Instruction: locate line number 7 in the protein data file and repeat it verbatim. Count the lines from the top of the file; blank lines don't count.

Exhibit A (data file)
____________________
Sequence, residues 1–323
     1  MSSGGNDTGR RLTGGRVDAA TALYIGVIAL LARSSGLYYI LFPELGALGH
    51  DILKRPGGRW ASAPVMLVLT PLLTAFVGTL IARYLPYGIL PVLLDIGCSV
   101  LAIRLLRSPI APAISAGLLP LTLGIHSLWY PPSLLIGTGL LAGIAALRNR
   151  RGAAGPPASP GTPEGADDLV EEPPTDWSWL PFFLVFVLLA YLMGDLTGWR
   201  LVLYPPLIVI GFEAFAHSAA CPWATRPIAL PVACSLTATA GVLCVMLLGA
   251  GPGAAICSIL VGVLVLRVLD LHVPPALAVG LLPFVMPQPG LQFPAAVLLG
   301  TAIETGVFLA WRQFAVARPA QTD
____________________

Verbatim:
   251  GPGAAICSIL VGVLVLRVLD LHVPPALAVG LLPFVMPQPG LQFPAAVLLG